Tuesday, 8 May 2018

Osaka Castle - Japan

Impressive structure.
Very close to the CBD of Osaka , so well worth a visit.
Construction of the original castle began in 1583 and the building was completed in 1597.
The current main tower at Osaka Castle is a concrete reconstruction of the 17th-century castle and was completed in 1931.
Osaka castle is very important in the history of Japan. It played a major role in its (Japan's) unification during the samurai era of the sixteenth century.
It was built by Toyotomi Hideyoshi .

The castle became the center of the new unified Japan under Toyotomi rule and brought with it a short period of peace after centuries of civil war.

Toyotomi Hideyoshi looks like an interesting character.
He was born of no traceable samurai lineage, being the son of a peasant-ashigaru (foot soldier) named Yaemon. He had no surname, and his childhood given name was Hiyoshi-maru (日吉丸) ("Bounty of the Sun"). How he rose to his final position of power only he probably knows. He was the general who first united all of Japan.

The central castle building is five stories on the outside and eight stories on the inside.
The 3 extra stories are underground.
 It is built on two raised platforms of landfill supported by sheer walls of cut rock, using a technique called Burdock piling, each overlooking a moat.

 Pictures of the outer moat.
The 16th & 17th centuries were the time of  shogunate & the Samurai.


There were eight giant fusetora (golden tiger) decorations and golden shachi (a mythical creature with the head of a tiger and the body of a carp) roof ornaments. These were believed to protect the castle against fire.
In 1597 construction was completed and Hideyoshi died the year after. Osaka Castle passed to his son, Toyotomi Hideyori who was just 4 years old. After Hideyoshi's death, Ieyasu Tokugawa, who worked for Hideyoshi as a senior retainer, was appointed to the Shogun and he established the shogunate (government) in Edo (Tokyo)  in 1603.

The castle grounds cover approximately 60,000 square meters (15 acres).
The massive stones, (the largest weighing about 130 tons), were transported from all over Japan, but principally from the islands of the Inland Sea.
The first Shogun of Japan, Ieyasu Tokugawa, accused Toyotomi of treason. This was his excuse to lay siege to his castle in 1614 (The Winter Seige).

The Toyotomi forces were outnumbered by approximately two to one, but somehow managed to fight off the 200,000 Tokugawa-led samurai army. Part of the terms of truce included the filling up with soil of the moats of Osaka Castle thus rendering them useless.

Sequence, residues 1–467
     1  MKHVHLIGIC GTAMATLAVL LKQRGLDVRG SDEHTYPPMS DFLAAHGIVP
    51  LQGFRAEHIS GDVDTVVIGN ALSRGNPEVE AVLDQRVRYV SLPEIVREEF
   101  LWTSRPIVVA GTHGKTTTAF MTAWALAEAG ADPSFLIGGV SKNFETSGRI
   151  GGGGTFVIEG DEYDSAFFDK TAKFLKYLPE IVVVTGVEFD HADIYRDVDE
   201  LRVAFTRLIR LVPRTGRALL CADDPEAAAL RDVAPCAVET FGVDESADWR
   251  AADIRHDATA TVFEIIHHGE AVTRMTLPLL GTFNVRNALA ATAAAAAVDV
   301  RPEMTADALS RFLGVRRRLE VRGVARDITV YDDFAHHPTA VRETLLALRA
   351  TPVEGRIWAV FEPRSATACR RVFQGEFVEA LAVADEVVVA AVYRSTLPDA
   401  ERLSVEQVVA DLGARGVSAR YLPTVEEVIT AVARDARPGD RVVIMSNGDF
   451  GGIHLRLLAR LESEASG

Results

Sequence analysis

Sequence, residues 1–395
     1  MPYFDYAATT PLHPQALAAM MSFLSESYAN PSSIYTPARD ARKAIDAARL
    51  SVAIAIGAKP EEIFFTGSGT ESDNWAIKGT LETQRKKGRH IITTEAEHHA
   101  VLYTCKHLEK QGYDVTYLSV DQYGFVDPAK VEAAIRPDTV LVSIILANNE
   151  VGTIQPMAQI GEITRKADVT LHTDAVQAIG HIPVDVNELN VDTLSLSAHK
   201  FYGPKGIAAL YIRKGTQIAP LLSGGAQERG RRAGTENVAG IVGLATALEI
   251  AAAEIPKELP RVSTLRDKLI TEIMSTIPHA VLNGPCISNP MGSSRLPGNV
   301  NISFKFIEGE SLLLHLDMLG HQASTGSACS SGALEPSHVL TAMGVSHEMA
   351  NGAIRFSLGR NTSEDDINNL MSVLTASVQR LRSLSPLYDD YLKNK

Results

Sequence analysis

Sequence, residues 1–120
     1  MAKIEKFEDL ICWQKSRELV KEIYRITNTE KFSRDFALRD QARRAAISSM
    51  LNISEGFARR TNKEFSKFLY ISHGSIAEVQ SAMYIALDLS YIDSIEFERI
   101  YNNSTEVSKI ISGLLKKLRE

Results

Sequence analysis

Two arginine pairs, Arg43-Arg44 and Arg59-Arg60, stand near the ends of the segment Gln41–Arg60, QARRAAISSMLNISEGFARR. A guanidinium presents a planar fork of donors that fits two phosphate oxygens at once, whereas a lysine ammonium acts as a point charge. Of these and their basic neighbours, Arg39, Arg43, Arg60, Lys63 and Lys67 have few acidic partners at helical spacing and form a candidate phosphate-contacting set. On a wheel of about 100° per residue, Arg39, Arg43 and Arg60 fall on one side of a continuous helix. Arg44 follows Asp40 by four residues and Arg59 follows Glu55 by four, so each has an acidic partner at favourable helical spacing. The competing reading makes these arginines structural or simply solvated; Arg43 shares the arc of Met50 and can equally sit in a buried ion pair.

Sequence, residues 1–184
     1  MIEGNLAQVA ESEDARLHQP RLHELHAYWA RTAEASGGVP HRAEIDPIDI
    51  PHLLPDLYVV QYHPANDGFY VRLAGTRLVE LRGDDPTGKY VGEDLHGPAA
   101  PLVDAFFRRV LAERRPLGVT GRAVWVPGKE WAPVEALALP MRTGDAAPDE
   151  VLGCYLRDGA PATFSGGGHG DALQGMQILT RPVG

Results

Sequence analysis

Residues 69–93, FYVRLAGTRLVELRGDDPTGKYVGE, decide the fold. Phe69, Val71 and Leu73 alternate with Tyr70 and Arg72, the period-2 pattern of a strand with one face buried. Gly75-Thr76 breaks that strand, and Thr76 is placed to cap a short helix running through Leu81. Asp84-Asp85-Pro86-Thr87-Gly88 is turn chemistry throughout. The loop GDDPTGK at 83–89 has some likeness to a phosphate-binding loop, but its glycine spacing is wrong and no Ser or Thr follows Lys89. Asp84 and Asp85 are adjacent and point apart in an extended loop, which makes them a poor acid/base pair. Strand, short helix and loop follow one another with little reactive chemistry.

However, my the next year, the Toyotomis began digging up the filled-in moat.
So the forces of Tokugawa Ieyasu attacked again in 1615. This is known as the second (or Summer Seige) of Osaka Castle. The castle was this time destroyed and the Toyotomi dynasty ended.
The Tokugawa Shogunate, would rule Japan for the next 250 years.

View from the top floor of Osaka Castle

Hideyori Toyotomi, along with his mother, killed themselves as Tokugawa’s soldiers set the castle ablaze, burning everything to the ground.


But Osaka Castle was rebuilt.
Tokugawa completed this second version of Osaka Castle in 1629.


 In 1660, there was a huge explosion when lightning struck the gun powder storage room. The explosion blew most of the castle to pieces.


In 1868, the castle was again razed to the ground. Rather than surrender to the anti-shogunate forces of the Meiji Restoration in 1868 the castle was destroyed.

After this, what was once Osaka Castle, became the property of the Japanese military and was converted to an arsenal. It produced everything from guns to cannons. This was possibly the reason Osaka became a target during WWII.

The current Osaka Castle dates from 1931. The main tower survived the firebombing raids of WWII.
This 3rd version of Osaka Castle combined the two previous castles. Hideyoshi’s palace was rebuilt on top of the stone walls from the Tokugawa Period.

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